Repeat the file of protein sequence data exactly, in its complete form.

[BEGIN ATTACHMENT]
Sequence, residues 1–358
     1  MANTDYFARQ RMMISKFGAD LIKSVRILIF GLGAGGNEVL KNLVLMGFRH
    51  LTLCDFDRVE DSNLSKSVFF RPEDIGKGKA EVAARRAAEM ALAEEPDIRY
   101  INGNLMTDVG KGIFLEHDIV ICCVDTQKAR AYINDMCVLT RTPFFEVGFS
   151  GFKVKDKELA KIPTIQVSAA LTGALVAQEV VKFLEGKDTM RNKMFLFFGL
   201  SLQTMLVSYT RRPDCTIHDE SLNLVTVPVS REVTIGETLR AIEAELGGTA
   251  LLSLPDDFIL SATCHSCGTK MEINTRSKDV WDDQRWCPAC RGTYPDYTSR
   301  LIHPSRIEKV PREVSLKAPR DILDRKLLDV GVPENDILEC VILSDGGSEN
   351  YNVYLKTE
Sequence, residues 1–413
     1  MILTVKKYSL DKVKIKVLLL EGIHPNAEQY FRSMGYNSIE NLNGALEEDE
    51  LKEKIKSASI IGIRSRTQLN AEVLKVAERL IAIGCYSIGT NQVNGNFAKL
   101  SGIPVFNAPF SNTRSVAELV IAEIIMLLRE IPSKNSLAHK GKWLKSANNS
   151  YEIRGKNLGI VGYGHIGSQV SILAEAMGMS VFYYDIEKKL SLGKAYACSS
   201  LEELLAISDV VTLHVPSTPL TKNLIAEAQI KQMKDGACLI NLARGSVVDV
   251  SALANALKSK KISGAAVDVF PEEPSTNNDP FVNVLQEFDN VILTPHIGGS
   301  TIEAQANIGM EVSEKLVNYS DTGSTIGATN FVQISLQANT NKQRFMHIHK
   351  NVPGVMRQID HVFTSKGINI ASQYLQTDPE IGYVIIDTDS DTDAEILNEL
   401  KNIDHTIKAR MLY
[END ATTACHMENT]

Sequence, residues 1–358
     1  MANTDYFARQ RMMISKFGAD LIKSVRILIF GLGAGGNEVL KNLVLMGFRH
    51  LTLCDFDRVE DSNLSKSVFF RPEDIGKGKA EVAARRAAEM ALAEEPDIRY
   101  INGNLMTDVG KGIFLEHDIV ICCVDTQKAR AYINDMCVLT RTPFFEVGFS
   151  GFKVKDKELA KIPTIQVSAA LTGALVAQEV VKFLEGKDTM RNKMFLFFGL
   201  SLQTMLVSYT RRPDCTIHDE SLNLVTVPVS REVTIGETLR AIEAELGGTA
   251  LLSLPDDFIL SATCHSCGTK MEINTRSKDV WDDQRWCPAC RGTYPDYTSR
   301  LIHPSRIEKV PREVSLKAPR DILDRKLLDV GVPENDILEC VILSDGGSEN
   351  YNVYLKTE
Sequence, residues 1–413
     1  MILTVKKYSL DKVKIKVLLL EGIHPNAEQY FRSMGYNSIE NLNGALEEDE
    51  LKEKIKSASI IGIRSRTQLN AEVLKVAERL IAIGCYSIGT NQVNGNFAKL
   101  SGIPVFNAPF SNTRSVAELV IAEIIMLLRE IPSKNSLAHK GKWLKSANNS
   151  YEIRGKNLGI VGYGHIGSQV SILAEAMGMS VFYYDIEKKL SLGKAYACSS
   201  LEELLAISDV VTLHVPSTPL TKNLIAEAQI KQMKDGACLI NLARGSVVDV
   251  SALANALKSK KISGAAVDVF PEEPSTNNDP FVNVLQEFDN VILTPHIGGS
   301  TIEAQANIGM EVSEKLVNYS DTGSTIGATN FVQISLQANT NKQRFMHIHK
   351  NVPGVMRQID HVFTSKGINI ASQYLQTDPE IGYVIIDTDS DTDAEILNEL
   401  KNIDHTIKAR MLY